The green movement at 50: Can the world be saved?
Population growth and climate change are the big problems facing the earth in the next 50 years. But are there any solutions?
Many of the issues the Environment Movement has faced over the last 50 years have been difficult, but none has been as formidable as the two challenges confronting it over the next half century, confronting the earth: population growth and climate change.
These two colossal problems, it is clear now, cannot be "solved"; they can only be coped with, and the coping will have to be by governments. The task of the Green Movement will be to keep the pressure on governments, and companies, and individuals, to do what is necessary, however difficult that is.
Both issues are controversial. Some believe the rise in human numbers, from a world population of 7 billion to perhaps 9.3 billion in 2050 – that's the UN's medium estimate – will not be a problem, and certainly there is no plan to bring the estimated 2050 figure down.
But finding food for an extra two billion mouths in a mere 38 years, on top of those who are hungry today, is clearly going to be a Herculean task, and if we disaggregate the world figure into the projections for individual nations, the task seems more daunting still, especially with some of the "high growth" countries in Asia and Africa.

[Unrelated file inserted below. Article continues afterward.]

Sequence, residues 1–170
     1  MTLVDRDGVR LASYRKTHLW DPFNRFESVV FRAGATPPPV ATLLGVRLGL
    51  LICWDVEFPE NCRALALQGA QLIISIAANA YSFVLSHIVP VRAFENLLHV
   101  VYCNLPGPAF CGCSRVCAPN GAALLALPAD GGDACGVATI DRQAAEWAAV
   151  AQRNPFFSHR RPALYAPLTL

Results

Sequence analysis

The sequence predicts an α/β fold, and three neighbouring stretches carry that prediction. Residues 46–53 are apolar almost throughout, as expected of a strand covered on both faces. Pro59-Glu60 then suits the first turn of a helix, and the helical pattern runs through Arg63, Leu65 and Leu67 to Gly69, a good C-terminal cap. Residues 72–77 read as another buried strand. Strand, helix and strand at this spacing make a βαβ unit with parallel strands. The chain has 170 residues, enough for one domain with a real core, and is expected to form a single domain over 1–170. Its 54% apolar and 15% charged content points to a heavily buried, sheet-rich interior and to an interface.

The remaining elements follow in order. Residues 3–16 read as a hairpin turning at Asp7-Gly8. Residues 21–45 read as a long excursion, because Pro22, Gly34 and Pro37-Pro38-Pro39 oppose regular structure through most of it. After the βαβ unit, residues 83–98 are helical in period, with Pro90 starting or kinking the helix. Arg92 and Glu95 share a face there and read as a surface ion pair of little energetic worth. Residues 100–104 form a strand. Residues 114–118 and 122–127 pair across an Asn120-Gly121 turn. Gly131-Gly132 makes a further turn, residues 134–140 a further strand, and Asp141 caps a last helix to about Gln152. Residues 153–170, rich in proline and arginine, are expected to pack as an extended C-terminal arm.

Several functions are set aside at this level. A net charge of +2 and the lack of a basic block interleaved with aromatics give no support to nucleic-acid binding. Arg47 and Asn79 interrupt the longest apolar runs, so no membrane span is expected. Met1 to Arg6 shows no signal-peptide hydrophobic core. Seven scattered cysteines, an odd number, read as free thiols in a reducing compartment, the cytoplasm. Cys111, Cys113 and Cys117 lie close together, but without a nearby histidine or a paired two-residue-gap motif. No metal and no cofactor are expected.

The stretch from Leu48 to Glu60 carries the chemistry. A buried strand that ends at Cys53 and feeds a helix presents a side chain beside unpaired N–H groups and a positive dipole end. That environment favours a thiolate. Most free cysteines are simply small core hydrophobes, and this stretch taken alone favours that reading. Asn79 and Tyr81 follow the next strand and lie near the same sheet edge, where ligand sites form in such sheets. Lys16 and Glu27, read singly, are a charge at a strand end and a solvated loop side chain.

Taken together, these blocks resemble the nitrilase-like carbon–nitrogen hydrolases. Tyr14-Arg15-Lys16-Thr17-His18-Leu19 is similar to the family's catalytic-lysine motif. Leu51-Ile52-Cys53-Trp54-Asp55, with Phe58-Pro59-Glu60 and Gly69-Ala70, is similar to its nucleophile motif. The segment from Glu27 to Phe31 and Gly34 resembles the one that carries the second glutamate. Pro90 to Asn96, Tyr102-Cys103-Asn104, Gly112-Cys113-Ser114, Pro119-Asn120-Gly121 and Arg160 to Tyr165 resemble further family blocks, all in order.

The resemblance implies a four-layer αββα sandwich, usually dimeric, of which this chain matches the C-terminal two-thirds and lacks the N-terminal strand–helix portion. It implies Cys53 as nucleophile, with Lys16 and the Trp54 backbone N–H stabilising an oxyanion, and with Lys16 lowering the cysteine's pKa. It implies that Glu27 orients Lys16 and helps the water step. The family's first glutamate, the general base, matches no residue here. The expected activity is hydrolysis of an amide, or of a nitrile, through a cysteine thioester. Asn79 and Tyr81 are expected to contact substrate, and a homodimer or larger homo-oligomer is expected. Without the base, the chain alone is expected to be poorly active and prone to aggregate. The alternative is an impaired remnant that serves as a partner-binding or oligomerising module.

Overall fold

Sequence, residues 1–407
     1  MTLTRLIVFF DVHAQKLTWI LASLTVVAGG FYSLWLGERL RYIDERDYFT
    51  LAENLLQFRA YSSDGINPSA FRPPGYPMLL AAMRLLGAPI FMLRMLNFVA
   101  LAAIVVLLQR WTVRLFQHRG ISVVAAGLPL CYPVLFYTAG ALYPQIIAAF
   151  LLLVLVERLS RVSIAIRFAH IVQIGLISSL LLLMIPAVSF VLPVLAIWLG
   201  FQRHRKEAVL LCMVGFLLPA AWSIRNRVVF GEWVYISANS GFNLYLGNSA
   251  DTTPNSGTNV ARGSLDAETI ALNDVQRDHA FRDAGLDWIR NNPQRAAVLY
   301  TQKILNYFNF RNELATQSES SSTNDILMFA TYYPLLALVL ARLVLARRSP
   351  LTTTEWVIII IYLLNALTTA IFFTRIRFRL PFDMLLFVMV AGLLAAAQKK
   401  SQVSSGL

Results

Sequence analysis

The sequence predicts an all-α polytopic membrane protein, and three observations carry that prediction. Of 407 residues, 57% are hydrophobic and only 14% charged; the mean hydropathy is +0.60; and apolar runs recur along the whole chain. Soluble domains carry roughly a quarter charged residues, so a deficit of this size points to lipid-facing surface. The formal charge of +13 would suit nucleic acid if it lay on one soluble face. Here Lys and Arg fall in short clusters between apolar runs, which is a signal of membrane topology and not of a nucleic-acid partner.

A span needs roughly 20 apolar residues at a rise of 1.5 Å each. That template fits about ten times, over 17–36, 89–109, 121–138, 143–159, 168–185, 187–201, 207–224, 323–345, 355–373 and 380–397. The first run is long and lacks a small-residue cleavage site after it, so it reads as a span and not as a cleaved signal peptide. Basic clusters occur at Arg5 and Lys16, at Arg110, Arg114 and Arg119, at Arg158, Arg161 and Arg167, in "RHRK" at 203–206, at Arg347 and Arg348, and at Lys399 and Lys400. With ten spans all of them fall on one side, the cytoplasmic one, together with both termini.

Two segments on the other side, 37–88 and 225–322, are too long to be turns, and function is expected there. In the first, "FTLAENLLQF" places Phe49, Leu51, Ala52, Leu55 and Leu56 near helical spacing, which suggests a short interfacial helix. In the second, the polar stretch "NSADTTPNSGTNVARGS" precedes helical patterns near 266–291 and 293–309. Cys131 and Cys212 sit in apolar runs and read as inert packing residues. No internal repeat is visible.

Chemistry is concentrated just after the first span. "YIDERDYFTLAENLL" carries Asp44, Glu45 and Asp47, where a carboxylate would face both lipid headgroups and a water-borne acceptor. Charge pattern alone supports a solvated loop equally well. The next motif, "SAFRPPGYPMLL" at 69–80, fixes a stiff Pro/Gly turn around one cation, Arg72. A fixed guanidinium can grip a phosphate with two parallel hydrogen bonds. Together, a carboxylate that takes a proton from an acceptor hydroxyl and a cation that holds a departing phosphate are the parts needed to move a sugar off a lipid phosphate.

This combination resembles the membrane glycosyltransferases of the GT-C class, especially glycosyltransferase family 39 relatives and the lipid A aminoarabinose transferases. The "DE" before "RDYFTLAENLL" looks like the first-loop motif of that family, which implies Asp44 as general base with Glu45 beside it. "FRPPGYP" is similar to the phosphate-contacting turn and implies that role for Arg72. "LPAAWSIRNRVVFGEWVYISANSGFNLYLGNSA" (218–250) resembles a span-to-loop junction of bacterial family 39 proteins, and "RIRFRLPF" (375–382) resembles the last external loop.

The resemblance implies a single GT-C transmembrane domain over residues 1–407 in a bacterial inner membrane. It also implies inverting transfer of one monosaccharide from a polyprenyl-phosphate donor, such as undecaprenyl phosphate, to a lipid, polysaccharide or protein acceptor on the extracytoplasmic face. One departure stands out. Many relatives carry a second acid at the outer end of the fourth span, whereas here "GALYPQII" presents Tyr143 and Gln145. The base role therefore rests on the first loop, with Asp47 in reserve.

Bangladesh, with an estimated 148 million people at 2010, goes, according to the UN medium estimate, to 194 million in 2050; Pakistan goes from 189 million to 274 million. In some of the poorer parts of sub-Saharan Africa, the projections are quite remarkable, with doublings and even treblings expected in four decades: Kenya goes from 40 million people in 2010 to 96 million in 2050, while Niger, a country in the Sahel semi-desert belt where agriculture is difficult at best, will see its population go from 15 million to 55 million.
Yet the concern for the environment movement will be, can these extra billions be not only fed, but brought out of poverty through economic growth, without the planet being trashed? Can it be done without rainforest being torn down for agriculture, without the fish stocks of the oceans being exploited, without the atmosphere being swamped with climate-changing carbon from thousands of new power stations?